Data analytics at colleges and universities can be used in many areas, including student success, professor effectiveness, budgeting, financial aid decisions, course offerings, course enrollment guidelines, and staffing. With the proper use of data, colleges can also reduce administrative workload and costs.

Some of the data that is used revolves around student performance, such as course completion rates, time to degree, and transfer rates. Performance data can be collected through classroom-based software and online learning and classroom-management systems. Additional data can be collected through student surveys, professor and other staff notes, and social media.

Data Insights

Sandra Beckwith, in Data Analytics Rising in Higher Education (2016), provides examples of insights that came from data analytics at a variety of schools on how to retain students:

  • Housing Options. Students who live on campus are less likely to leave than students who live in off-campus housing. Expanding on-campus housing could increase student success rates.
  • Job Opportunities. Students who work on campus persist at higher rates than those who do not. Increasing on-campus job opportunities could lead to greater student retention.
  • Staffing for Success. At-risk students who respond to a coach’s outreach are more likely to be responsive to coaching and other assistance. Thus, it may be worth the cost to employ more coaches and/or train faculty and other staff members to be coaches.
  • Financial Aid Disbursement. Students who are late in filling out financial forms or who register for fewer credit hours than they had previously registered for could be indicator that they are not planning on returning to the school. This could lead to the school changing its financial aid allocation to those students.

In Universities Can Learn from Big Data – Higher Education Analytics, Bill Schmarzo describes several other ways that colleges and universities can use big data, from initial profiling of students to determine who is a good fit for their school through to alumni giving.  Here are a few of the examples Schmarzo gives:

  • Student Course Major Selection. A first-year college student’s performance in high school and on standardized tests can be compared to the college’s former students’ profiles to make recommendations in terms of a major and courses to take.  Detailed profiles can be made based upon grades and participation in high school, areas of interest – as captured by surveys and in social media – and test scores.  These profiles can then be compared to profiles of courses and majors to find the right match for each student.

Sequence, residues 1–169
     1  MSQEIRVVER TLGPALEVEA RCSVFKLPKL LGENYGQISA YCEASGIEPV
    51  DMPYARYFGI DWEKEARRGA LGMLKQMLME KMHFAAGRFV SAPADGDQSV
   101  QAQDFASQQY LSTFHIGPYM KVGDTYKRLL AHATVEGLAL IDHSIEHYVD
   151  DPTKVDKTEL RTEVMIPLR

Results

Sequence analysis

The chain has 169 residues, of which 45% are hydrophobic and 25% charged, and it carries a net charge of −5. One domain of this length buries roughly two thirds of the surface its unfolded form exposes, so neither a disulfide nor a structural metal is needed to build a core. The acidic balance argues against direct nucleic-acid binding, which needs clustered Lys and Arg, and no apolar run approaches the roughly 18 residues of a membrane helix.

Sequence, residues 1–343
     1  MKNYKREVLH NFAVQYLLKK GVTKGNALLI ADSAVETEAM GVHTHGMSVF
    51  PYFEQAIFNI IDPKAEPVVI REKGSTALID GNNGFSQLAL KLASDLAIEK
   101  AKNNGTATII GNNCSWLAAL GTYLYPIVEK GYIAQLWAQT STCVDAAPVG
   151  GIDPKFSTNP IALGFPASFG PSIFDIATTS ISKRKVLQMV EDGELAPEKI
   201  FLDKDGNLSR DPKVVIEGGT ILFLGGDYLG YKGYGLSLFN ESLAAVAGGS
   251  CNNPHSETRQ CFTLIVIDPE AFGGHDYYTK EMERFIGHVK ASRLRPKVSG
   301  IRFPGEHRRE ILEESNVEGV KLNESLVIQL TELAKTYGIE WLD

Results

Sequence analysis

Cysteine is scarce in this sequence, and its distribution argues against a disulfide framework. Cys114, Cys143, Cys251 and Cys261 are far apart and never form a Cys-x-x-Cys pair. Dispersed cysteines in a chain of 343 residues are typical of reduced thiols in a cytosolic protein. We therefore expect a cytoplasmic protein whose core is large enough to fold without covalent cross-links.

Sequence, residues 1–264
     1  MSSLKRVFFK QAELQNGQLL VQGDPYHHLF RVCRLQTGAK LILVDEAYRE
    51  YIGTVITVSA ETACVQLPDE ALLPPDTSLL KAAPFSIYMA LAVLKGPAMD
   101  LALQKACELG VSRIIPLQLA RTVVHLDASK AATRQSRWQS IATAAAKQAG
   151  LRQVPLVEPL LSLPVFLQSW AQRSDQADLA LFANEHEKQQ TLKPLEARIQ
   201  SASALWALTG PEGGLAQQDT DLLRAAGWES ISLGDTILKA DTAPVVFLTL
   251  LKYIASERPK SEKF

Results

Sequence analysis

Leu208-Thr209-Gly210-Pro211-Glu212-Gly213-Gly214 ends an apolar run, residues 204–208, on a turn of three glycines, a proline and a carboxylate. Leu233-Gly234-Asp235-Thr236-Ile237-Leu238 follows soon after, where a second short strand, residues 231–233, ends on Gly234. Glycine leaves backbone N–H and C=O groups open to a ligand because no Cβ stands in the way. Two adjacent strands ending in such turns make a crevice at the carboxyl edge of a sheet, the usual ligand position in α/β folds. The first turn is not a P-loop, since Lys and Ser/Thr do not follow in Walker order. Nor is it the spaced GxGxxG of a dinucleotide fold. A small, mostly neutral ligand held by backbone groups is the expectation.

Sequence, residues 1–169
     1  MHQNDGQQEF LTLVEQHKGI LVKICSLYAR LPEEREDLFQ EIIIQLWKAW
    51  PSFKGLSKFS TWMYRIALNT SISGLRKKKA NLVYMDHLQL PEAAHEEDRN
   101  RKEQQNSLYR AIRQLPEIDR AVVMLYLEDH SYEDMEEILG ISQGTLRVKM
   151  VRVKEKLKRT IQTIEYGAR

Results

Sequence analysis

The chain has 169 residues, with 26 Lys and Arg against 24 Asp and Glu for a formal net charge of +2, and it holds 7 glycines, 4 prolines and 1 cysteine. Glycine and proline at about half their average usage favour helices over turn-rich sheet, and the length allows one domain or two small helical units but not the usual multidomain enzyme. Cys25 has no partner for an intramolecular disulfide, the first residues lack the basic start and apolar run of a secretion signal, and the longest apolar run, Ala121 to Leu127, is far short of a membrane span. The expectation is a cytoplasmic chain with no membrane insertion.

• Student Advocacy. Graphic analysis can be used to examine a student’s social network and determine the likelihood that the student will recommend the school to family and friends. The school can use the data to target specific areas of the college experience that are better or worse for a particular student in an effort to understand why the experience is what it is and how it can be improved.
  • Teacher Effectiveness. Data can be used to measure and modify instructor performance, though not all institutions allow for this. Those that can measure performance can “benefit from insight into an individual teacher’s effectiveness when compared to similar teachers. Performance can be measured by subject matter, number of students, student demographics, student behavioral classifications, student aspirations, and a number of other variables to ensure that the teacher is matched to the right classes and students to ensure the best experience for teachers and students alike.”
  • Student Lifetime Value/Booster Effectiveness. Colleges and universities can make predictions in terms of the potential giving levels for current students and alumni. Understanding the likelihood that a student or alumnus will recommend the school as well as predicting future earnings and wealth potential can “be major factors in profiling, targeting, and messaging to optimize alumni giving.” Schools can take advantage of these insights for the early identification of future supporters of the school or particular programs at the school.

The growth of data collection methods and improvement in analysis methods, combined with the competition that schools of higher education face, will make the use of big data at this level more important in the years to come. School are already starting to have specialists in data analytics to take advantage of the potential that this field holds for them in terms of improving student performance and operations.

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Author:  Neil Starr